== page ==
This season’s reduced grazing quality has taken its toll on heifer growth rates meaning that regular weighing and appropriate supplementation will be a must this autumn to keep heifers on track.
Recent heifer weight data from one of AHDB Dairy’s Calf to Calving (C2C) host farms in Dorset, found a sample of 11-13 month old, grazed heifers were about 50kg behind a target of 330kg.
In order to calve in at the most economic age of 24 months and hit 90% of mature weight at calving, they now need to gain 860g/day, which can only be achieved through supplementation. If this growth is not addressed, heifers may calve in later at a cost of £2.87 a head for every day over 24 months.
The drop in growth seen at Peter Hunt’s farm in Sherborne, mirrors that seen on a sample of seven farms involved in the C2C initiative. As part of the C2C initiative, the growth, health and nutrition of 10 heifers on each of 13 farms are being monitored every three months. Farmer meetings are also being run on the host farms with the aim of bringing the latest research and best practice to farmers, improving calf survival and increasing the number of heifers making it into first lactation.
Overall, 54% of heifers weighed on seven farms have been found to be below target weight following the last weighing. AHDB Dairy’s Technical Manager, Andy Dodd said this correlated with grazing quality.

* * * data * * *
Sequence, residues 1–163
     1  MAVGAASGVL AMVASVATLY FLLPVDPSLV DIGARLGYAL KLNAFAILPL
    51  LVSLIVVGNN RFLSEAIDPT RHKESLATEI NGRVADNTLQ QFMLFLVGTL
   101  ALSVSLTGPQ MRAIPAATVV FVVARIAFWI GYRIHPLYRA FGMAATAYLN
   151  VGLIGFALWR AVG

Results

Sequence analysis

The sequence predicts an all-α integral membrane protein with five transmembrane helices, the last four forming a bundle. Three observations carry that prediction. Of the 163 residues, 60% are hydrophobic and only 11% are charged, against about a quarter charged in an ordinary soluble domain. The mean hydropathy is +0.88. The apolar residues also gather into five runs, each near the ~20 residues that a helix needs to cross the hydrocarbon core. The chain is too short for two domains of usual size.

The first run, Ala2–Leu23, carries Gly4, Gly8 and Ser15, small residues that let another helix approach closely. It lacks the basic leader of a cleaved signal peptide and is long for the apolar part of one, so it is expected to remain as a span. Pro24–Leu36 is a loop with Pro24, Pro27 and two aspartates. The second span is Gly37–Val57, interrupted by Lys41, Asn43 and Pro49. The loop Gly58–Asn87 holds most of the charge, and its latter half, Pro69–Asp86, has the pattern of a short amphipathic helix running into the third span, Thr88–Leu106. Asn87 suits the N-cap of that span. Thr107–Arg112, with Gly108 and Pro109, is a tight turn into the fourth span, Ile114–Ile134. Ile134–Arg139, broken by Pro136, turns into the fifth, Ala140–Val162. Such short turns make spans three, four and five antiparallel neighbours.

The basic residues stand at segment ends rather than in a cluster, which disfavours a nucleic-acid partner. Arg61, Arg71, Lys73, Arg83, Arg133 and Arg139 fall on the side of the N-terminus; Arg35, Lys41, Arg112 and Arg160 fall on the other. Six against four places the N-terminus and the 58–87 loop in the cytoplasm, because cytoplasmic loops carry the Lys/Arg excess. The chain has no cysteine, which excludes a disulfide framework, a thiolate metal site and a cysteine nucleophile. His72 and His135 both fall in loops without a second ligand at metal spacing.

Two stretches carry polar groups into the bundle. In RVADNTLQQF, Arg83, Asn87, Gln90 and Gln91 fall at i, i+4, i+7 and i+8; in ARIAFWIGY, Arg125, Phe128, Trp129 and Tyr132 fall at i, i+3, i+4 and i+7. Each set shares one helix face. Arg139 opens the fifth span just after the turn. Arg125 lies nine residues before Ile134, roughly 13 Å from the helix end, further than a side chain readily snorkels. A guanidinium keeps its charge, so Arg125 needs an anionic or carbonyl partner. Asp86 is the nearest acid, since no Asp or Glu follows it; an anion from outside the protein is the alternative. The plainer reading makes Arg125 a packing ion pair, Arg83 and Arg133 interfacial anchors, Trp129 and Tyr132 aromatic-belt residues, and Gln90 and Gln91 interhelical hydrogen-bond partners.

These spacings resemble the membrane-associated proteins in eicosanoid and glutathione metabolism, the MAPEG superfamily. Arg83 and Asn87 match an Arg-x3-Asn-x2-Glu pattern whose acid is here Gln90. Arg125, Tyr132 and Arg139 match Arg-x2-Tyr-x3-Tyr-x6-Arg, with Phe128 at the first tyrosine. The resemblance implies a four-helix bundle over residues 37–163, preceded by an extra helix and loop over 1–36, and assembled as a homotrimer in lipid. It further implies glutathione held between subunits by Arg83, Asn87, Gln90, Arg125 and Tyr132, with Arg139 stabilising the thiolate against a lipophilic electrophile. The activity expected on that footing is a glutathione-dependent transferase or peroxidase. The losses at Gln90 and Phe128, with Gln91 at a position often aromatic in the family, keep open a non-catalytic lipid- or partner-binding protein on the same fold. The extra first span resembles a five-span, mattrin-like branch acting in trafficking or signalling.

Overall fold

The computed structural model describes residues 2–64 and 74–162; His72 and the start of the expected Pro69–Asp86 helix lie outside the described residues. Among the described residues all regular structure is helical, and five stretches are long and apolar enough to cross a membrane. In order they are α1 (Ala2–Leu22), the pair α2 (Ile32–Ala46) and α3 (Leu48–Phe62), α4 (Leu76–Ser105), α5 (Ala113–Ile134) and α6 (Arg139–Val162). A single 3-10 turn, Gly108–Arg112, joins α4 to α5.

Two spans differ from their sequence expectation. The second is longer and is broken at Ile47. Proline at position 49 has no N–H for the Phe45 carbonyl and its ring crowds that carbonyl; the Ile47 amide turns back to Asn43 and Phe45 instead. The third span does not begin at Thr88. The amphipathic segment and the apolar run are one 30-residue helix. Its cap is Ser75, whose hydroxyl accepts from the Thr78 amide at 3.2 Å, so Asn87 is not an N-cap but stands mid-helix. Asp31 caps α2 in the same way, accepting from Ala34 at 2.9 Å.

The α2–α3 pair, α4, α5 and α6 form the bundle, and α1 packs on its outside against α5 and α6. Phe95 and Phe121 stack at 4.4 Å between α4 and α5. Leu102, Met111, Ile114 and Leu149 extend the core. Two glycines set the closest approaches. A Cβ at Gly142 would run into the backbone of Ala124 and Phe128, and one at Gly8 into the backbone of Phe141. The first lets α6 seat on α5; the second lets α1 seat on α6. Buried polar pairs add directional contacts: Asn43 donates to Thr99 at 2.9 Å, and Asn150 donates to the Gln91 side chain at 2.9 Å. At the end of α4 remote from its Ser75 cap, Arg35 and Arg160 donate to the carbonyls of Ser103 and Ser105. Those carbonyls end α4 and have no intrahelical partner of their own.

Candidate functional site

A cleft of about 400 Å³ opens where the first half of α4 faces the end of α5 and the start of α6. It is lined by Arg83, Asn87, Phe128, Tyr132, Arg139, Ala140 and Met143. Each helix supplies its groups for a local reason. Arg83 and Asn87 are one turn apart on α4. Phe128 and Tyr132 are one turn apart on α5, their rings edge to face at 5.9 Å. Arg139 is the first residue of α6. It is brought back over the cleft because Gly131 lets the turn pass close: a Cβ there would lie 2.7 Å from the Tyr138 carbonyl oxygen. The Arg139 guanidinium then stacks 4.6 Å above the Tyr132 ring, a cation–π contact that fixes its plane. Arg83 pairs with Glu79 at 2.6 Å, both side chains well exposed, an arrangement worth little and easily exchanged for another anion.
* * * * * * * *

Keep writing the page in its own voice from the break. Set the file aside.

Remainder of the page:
“The heifers that have reduced growth rates are general the ones that have been grazing. That’s largely due to the fact grass ME is down by about half a point which obviously impacts on growth,” he explained.
Mid-summer fresh grass has generally analysed at around 11.5ME, versus a usual 12-12.5ME. Although ME is now picking up, declining grass dry matter may further add to heifer rationing challenges.
Andy said this highlights the need to weigh heifers to see if any lighter animals need to be split out and supplemented with quality silage or about 1.5-2kg of concentrate a head. Farmers can also take fresh grass samples or use the AHDB Dairy “Forage for Knowledge” website to look at grass quality on farms in their area to asses if there is a quality shortfall.
He also advised farmers to avoid “guessing” heifer weights and instead use weigh bars or a weigh band. This was highlighted at the recent C2C event at Blackmarsh Farm, where attending farmers were asked to guess the weight of the 10, 11-13 month old heifers. On average, the group over estimated by around 50kg.
Andy said monitoring helps determine if heifers are going to hit key milestones. “For example, for heifers to reach puberty they need to be 50% of their mature weight. This target needs to be reached around 12 months of age to allow them to have several cycles before being served to maximise first service conception rates,” he explained.